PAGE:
On the eve of the publication of the government’s new child poverty strategy, the government’s adviser on child poverty and social mobility, Alan Milburn, has called for the government to maintain its focus on income poverty and warned that an economic recovery without a ‘social recovery’ would not be a success.
His comments were made in an interview published today in Poverty, the policy journal published by Child Poverty Action Group.
On a ‘social recovery’, Alan Milburn said:
“I think what is going to happen over the course of the next six to 12 months, the public debate will move from one that is about the cost of living to one that is about the proceeds of recovery. And the Commission’s view on this is that if you have an economic recovery without a social recovery that is not a success, it’s a failure.”
On the importance of a focus on income, he said:
“You have to do what you can on income distribution and, at the same time, you have to do what you can on opportunity distribution. So when ministers or commentators sometimes have said that there’s too much focus on the one and we must shift to the other, I think that is not necessarily the right approach.”
On wages and employers he said:
“An explicit macro-economic objective for any political party serious about making Britain fairer, more socially mobile and less poor, is to recouple earnings and economic growth… I think it is a major issue of public debate about whether it is right that taxpayers have to subsidise low wages amongst employers who are often highly profitable.”
On housing, he said:
“I think that housing is the dog that hasn’t barked in both the poverty and social mobility arenas… It can’t be right that the average private sector rent is much higher than the average social rent and, in a sixth of cases, higher than the average mortgage.”
Alison Garnham, Chief Executive of Child Poverty Action Group, said:
“Alan Milburn is right to call for the proceeds of growth to be shared fairly – it’s totally unacceptable to expect low income families to take the lion’s share of the pain of austerity but then not benefit when things improve. A recovery which continues the gradual decoupling of the poorest families from the rest of society would be a costly social and economic failure – child poverty already costs us £29bn a year.
“We need actions not words from the next child poverty strategy. There are already legal requirements for the strategy to consider financial support, housing, jobs, education, health and parenting skills, but what we really need now are milestones and evidence that things are improving in these areas.”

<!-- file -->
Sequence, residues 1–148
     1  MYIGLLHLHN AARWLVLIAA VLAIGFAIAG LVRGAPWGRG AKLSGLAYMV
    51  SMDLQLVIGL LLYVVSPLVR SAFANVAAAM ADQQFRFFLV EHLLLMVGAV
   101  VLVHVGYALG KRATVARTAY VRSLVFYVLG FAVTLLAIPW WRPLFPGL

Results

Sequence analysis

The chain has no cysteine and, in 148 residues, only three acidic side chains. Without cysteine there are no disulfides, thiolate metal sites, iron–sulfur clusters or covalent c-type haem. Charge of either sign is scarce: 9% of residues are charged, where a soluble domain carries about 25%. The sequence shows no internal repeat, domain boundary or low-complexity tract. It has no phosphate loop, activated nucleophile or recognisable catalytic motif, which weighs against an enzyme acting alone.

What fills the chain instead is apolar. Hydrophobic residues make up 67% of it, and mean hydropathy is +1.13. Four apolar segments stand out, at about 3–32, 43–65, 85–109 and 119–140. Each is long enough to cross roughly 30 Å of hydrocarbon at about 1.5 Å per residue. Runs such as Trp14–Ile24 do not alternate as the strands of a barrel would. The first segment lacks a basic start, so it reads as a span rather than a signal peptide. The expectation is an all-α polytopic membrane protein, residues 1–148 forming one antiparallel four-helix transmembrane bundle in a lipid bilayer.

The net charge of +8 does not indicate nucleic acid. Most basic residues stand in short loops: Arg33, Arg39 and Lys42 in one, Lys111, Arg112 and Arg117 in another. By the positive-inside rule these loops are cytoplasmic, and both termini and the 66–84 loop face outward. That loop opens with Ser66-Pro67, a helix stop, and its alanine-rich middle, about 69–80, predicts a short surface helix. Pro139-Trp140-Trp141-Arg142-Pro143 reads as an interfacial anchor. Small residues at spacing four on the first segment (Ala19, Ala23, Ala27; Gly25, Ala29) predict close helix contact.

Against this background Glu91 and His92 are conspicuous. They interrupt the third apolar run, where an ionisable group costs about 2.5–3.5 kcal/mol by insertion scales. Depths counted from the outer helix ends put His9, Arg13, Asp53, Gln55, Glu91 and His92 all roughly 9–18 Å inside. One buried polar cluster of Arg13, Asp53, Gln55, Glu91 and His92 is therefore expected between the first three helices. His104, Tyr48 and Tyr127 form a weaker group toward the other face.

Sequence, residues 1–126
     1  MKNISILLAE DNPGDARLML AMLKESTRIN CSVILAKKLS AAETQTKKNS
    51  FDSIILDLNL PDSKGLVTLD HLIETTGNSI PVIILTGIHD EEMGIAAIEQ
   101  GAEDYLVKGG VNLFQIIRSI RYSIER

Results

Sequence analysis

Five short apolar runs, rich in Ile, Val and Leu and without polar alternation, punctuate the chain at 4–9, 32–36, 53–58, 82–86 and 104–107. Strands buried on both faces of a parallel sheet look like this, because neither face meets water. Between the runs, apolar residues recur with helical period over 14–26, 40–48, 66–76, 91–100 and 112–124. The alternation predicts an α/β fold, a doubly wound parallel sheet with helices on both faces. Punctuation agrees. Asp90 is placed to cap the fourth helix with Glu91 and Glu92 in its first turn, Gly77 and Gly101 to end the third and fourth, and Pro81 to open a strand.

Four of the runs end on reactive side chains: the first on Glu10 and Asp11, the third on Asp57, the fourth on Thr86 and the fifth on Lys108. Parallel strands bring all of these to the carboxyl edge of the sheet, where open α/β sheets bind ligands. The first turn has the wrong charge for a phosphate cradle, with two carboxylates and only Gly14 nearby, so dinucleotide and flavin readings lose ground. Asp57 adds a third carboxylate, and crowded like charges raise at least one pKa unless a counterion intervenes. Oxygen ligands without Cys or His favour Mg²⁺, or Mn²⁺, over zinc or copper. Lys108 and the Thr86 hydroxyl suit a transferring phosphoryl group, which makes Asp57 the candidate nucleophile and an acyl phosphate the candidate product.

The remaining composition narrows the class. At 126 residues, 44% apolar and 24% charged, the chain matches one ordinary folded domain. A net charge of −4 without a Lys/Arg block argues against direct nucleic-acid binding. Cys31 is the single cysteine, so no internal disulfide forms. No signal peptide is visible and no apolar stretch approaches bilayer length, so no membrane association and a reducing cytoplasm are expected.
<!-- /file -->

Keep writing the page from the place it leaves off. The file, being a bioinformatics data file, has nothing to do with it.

Notes to Editors
- The full interview with Alan Milburn, the Chair of the Social Mobility and Child Poverty Commission, can be read in the new edition of Poverty, which can be downloaded from the bottom of this page.
- The government’s new child poverty strategy is expected to be published on Thursday 27th February 014. It will cover the period 2014-2017. It is the first strategy to be formed following the establishment of the Social Mobility and Child Poverty Commission. The Commission published its first report last year and made many recommendations to government on child poverty strategy:
- A year ago the government consulted on a proposal for changing the way that child poverty is measured. There has been recent speculation that the government will announce new proposals on measurement of child poverty alongside the new strategy. For more information on the reasons for widespread rejection of the previous proposals, including by the Royal Statistical Society, see the consultation responses linked to below.
- CPAG consultation response: https://cpag.org.uk/policy-and-campaigns/briefing/cpags-response-child-p...
- Royal Statistical Society consultation response: http://www.rss.org.uk/Images/PDF/influencing-change/rss-child-Poverty-Un...
- CPAG is the leading charity campaigning for the abolition of child poverty in the UK and for a better deal for low-income families and children.
- CPAG is the host organisation for the Campaign to End Child Poverty coalition, which has members from across civil society including children’s charities, faith groups, unions and other civic sector organisation, united in their campaigning for public and political commitment to ensure the goal of ending child poverty by 2020 is met.
For further information please contact:
CPAG Press Officer
Tel. 020 7812 5216 or 07816 909302